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Public Policy Institute, September 25, 2017
Social Security is largely funded by payroll taxes. Although it is most commonly known for its retirement benefits, it also provides benefits to spouses, survivors – including children – and disabled Americans. It features protections against inflation and is structured to ensure that those on the lower end of the income scale see the largest income replacement in retirement.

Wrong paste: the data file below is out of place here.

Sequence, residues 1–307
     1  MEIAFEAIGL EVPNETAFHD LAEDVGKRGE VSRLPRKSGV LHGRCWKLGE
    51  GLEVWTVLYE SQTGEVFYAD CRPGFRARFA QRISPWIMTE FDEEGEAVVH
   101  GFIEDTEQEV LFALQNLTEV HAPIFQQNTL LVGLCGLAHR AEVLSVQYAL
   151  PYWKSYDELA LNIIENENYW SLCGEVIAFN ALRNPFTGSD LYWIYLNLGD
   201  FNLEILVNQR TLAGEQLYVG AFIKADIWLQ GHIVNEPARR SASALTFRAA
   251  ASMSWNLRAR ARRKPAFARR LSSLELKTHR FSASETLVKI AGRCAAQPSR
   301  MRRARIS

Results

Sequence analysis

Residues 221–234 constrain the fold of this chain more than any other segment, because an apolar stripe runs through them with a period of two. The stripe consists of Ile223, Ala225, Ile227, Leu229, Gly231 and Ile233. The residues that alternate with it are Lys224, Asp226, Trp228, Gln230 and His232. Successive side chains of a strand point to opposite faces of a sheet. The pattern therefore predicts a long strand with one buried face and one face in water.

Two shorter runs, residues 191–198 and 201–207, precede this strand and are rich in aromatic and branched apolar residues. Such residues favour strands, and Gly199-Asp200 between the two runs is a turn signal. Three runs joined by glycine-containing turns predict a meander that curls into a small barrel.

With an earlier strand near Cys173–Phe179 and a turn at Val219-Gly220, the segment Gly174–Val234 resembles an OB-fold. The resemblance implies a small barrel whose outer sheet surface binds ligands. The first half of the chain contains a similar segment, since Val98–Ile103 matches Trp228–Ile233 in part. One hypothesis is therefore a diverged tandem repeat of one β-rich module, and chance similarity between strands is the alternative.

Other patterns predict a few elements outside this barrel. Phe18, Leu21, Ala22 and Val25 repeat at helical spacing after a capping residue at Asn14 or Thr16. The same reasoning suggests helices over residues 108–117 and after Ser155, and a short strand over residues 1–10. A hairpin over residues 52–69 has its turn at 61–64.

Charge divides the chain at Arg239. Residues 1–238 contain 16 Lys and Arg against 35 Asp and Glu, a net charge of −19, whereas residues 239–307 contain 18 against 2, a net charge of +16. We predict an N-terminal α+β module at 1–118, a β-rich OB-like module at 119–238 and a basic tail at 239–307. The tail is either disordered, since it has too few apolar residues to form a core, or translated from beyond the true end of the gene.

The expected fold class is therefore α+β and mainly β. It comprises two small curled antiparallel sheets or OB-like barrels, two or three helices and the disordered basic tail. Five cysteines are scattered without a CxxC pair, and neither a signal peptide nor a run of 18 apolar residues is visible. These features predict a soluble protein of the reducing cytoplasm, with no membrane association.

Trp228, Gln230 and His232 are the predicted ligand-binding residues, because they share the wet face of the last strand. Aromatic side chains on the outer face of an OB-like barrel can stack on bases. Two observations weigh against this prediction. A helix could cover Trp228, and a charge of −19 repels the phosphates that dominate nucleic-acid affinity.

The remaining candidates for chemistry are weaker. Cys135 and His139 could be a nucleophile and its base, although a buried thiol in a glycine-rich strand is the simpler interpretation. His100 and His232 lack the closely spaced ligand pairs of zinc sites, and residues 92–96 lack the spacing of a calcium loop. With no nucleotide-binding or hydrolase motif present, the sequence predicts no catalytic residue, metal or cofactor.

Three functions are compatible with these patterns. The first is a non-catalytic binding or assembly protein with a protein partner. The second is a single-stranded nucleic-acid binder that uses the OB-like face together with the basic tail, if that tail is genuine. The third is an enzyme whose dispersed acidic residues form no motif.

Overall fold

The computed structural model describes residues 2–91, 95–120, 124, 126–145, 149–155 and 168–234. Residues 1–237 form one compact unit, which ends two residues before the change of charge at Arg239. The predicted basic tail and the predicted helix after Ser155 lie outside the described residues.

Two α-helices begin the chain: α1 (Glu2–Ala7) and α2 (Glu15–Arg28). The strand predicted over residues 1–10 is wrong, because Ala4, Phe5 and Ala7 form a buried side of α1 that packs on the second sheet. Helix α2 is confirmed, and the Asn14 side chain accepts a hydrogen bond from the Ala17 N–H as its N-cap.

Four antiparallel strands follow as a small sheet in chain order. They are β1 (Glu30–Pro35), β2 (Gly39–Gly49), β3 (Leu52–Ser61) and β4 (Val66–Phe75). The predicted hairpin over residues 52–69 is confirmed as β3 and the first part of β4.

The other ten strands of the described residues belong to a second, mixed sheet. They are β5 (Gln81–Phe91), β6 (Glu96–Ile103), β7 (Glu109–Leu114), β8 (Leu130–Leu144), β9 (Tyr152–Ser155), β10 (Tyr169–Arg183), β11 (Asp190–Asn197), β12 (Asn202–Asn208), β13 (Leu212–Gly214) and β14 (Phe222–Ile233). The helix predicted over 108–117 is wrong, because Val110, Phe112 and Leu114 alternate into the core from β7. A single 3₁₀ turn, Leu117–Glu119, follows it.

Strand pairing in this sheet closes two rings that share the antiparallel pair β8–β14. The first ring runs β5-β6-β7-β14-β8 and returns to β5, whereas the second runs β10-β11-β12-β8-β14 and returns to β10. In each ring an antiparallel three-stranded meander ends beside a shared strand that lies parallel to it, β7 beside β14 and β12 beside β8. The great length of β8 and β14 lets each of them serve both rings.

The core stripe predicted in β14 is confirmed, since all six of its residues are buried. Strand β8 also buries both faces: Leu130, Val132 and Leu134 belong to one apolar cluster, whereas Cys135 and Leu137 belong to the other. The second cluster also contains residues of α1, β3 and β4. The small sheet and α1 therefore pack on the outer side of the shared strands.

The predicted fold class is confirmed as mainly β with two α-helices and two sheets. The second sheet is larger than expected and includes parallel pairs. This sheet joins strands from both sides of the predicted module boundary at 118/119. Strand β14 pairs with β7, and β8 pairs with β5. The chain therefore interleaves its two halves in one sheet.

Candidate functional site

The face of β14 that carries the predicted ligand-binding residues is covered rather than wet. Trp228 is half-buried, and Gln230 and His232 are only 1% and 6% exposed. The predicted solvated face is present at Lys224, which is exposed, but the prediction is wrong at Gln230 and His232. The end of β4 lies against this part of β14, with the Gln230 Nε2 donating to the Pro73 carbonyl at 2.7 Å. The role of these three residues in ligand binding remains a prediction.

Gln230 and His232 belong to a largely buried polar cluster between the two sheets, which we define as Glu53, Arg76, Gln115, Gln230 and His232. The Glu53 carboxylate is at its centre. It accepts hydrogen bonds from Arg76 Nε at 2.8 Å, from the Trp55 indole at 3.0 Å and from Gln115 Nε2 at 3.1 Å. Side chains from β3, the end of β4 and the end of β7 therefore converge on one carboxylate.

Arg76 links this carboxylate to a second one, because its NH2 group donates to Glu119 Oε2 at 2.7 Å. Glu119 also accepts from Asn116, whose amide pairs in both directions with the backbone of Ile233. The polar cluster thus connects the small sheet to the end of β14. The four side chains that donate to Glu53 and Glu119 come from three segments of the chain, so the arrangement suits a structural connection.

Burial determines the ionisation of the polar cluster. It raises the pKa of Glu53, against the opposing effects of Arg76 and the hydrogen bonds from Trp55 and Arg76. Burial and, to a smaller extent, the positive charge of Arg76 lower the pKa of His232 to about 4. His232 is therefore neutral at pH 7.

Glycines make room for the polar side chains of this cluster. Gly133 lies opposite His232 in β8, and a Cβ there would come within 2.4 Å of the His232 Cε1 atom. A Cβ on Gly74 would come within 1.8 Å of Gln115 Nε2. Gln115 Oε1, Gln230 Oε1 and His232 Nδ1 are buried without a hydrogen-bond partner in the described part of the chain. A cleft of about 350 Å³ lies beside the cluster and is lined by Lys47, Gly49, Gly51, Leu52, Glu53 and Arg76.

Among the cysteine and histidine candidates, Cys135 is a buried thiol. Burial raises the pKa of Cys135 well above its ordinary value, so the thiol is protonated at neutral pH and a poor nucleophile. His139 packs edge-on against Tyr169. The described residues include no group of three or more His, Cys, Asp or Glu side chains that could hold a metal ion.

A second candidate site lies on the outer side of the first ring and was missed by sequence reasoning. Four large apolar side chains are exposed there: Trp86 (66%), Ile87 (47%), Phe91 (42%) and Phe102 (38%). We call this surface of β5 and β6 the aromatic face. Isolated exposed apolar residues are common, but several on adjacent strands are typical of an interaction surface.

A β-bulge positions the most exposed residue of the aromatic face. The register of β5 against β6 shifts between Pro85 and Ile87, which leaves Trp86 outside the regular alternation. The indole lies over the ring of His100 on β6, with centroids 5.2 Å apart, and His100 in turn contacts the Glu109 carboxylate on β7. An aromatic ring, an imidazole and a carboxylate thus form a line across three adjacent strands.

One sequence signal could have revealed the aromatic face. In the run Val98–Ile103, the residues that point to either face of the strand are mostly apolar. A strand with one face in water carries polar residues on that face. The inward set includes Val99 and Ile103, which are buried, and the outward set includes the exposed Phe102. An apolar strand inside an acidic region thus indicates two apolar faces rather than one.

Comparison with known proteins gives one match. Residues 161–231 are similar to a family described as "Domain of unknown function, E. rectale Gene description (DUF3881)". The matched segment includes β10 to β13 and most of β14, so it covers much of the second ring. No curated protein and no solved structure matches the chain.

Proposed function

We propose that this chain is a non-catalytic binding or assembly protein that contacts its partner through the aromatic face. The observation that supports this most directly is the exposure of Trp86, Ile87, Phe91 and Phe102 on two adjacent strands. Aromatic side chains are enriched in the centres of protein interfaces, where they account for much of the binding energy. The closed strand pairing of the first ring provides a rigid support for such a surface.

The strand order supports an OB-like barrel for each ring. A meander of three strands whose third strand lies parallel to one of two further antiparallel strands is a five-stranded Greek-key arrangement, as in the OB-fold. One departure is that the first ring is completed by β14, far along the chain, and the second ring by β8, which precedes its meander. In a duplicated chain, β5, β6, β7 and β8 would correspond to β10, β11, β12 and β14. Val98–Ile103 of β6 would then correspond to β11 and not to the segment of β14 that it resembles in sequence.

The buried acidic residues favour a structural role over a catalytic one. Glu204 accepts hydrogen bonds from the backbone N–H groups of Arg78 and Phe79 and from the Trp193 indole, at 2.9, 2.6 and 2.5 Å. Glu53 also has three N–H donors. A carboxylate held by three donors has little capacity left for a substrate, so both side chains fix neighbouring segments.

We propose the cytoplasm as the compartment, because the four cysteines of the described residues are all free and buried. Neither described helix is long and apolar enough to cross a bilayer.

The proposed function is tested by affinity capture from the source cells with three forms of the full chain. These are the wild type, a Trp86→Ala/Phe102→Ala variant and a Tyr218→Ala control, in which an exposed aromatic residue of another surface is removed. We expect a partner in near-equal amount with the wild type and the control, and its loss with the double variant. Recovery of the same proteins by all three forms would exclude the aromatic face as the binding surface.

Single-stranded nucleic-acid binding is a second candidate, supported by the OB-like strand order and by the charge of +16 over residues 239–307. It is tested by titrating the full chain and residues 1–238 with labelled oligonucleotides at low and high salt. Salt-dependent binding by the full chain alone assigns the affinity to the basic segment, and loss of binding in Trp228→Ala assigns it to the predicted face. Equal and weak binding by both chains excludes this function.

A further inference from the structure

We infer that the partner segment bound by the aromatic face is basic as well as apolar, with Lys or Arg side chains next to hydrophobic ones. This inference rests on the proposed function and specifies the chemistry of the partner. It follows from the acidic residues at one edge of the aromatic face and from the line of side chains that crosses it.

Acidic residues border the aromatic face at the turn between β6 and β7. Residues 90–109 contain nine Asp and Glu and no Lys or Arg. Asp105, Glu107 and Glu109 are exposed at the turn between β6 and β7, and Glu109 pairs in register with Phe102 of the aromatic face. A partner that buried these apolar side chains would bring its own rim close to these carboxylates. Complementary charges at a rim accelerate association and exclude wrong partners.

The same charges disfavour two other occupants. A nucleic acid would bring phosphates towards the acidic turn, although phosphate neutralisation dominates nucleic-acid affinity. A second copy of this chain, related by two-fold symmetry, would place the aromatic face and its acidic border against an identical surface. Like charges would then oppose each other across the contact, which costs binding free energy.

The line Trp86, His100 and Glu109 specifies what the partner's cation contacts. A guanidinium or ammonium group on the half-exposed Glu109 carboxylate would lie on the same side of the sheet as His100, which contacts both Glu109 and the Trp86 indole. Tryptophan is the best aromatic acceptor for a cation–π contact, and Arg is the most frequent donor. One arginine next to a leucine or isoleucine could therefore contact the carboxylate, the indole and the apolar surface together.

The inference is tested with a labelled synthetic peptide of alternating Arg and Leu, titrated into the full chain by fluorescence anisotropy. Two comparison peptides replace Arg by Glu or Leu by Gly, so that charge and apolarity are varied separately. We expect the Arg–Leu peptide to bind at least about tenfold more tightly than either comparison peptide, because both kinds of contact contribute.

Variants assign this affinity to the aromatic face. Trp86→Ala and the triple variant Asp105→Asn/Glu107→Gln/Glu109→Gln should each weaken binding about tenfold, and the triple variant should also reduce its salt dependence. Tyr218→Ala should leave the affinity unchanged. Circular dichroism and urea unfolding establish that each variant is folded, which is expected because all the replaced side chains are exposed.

Social Security is a federal program designed to protect individuals and their families from loss of earnings due to retirement, disability, or death. When signed into law in 1935, Social Security covered only retired workers. However, in 1939 Social Security became a family benefit by expanding benefits to include the spouses and minor children of retired and deceased workers. In 1956, Social Security was further expanded by including benefits for disabled workers. Read
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